Originally published on Nerdclave.com
The Buried Life
Author: Carrie Patel
Publisher: Angry Robot Books
Release Date: July 29, 2014
Pro: Jane and Sundar are delightful characters. Jane, especially, felt warm blooded with an enviable soul.
Con: The plot felt a bit predictable at times, and I would have liked to see more everyday effects stemming from the story’s unique underground society–geeky world building stuff sure to be included in future installments.
The Buried Life by Carrie Patel, a breezy read with a steady plot and memorable characters, is a promising debut novel.
Serving as backdrop and the novel’s major speculative element, the city of Ricoletta is built underground. A “Catastrophe” inspired this subterranean culture. Call it steampunk, though I believe certain spoiler-possible distinctions within would disqualify it, but the social society is very much Victorian. There’s a chasm between classes, and the rich are untouchable.
A rare murder among the “whitenails” shakes up the world, and Municipal Police Inspector Liesl Malone catches the “contract” (case) along with rookie partner, plucky actor-turned-cop Rafe Sundar. When a second victim is found among the ruling class–the same powers-that-be who have started blocking their investigation–the two inspectors start wondering just how deep the mystery goes.
The Buried Life’s strength is its characters, particularly Sundar and the laundress Jane, who I consider the novel’s second main character.
Patel has a real ear for characters with buoyancy of spirit. There’s an element of banter with all the dialogue in The Buried Life, but these two characters stand apart. They’re fun, they’re kind of screw-ups, and I want them to succeed while I’m also constantly afraid that they’ll fail. When they do, it really does strike a chord.
However, I felt that characters like Malone, who is quite the no nonsense asskicker, relied on archetypal expectations. When Malone needs to make a witty remark, she does. When she needs to figure out an extensive network of tunnels in ninety minutes, she does. It’s not that I would like for her to have a crippling drug addiction or anything. I just wanted something more to latch onto than short platinum hair..
Its interesting how Malone’s sections are terse and less descriptive, befitting her character, but it lacks the charm of Jane’s chapters. Although I appreciated Malone’s badassness, I just didn’t feel invested in her as a character. I didn’t feel like I knew her inner life like I knew Jane’s.
The gaslight and shadows of the underground city of Recoletta hide secrets and lies. When Inspector Liesl Malone investigates the murder of a renowned historian, she finds herself stonewalled by the all-powerful Directorate of Preservation – Ricoletta’s top-secret historical research facility.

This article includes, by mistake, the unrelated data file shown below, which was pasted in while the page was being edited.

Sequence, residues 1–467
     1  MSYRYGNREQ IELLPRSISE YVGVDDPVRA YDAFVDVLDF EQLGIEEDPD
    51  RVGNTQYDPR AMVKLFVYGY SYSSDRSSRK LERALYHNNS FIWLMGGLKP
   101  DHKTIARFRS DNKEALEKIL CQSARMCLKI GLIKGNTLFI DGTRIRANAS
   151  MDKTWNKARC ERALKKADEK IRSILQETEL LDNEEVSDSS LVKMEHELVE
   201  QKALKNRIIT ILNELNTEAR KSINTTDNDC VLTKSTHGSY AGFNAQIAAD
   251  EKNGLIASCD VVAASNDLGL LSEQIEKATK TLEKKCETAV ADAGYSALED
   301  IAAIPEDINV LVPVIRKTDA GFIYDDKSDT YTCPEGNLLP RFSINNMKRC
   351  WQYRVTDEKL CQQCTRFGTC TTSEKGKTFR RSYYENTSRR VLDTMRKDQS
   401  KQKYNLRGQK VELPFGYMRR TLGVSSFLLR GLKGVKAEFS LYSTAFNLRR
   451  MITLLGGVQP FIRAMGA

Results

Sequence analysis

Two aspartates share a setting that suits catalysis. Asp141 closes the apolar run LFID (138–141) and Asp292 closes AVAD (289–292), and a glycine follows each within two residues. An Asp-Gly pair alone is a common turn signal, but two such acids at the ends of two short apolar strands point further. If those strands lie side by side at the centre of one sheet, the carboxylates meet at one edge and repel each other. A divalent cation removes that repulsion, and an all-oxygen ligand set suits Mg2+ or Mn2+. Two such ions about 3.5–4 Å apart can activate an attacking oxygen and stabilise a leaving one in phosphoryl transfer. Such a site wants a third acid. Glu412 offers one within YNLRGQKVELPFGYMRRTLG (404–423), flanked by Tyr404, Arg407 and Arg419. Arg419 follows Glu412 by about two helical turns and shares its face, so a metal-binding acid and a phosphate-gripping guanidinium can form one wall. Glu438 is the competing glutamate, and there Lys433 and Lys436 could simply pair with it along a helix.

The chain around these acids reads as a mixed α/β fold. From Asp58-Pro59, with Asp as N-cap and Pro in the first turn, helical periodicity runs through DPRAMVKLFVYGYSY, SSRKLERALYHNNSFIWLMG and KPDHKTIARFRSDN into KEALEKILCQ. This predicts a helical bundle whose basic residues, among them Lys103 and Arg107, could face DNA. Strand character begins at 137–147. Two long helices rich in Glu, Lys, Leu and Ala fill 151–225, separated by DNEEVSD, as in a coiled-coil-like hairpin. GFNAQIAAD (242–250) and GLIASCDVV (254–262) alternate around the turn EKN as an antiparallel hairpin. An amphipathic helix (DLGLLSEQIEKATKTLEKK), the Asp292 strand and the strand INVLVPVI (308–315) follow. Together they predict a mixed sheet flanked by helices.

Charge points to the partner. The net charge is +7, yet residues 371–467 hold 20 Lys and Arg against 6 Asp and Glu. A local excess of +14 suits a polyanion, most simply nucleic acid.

When a second high-profile murder threatens the very fabric of city society, Malone and her rookie partner Rafe Sundar must tread carefully, lest they fall victim to not only the criminals they seek, but the government which purports to protect them. Knowledge is power, and power must be preserved at all costs…
From a plot standpoint, though related to characterization, the inspectors make a tad too many leaps of logic, especially in the early stages of the investigation pertaining to the murderer’s motive. I would have preferred clues that lingered so I could piece them together. Instead, they work through a lot of it mentally in a way that didn’t seem earned.
But that’s the downside to The Buried Life. It’s very ambitious, and perhaps there are too many elements to include. As a result, a lot of awesome stuff doesn’t get the attention it deserves.
The subterranean world is not given its due. When it is described, it felt perfunctory or all at once, in a block. There’s not much natural action stemming from it, except in the novel’s final quarter and then only artificially. The influence on everyday life, in a way that makes The Buried Life‘s world vastly unlike our own, is not always apparent. Overall, the underground culture does little besides emphasize the class divide, and any number of settings could have been swapped out for it.
Overall, The Buried Life was enjoyable because I enjoyed the characters. Hardcore steampunk or hard science fiction fans might want to pass, but for those looking for a quick paced story with some speculative elements, it’s recommended.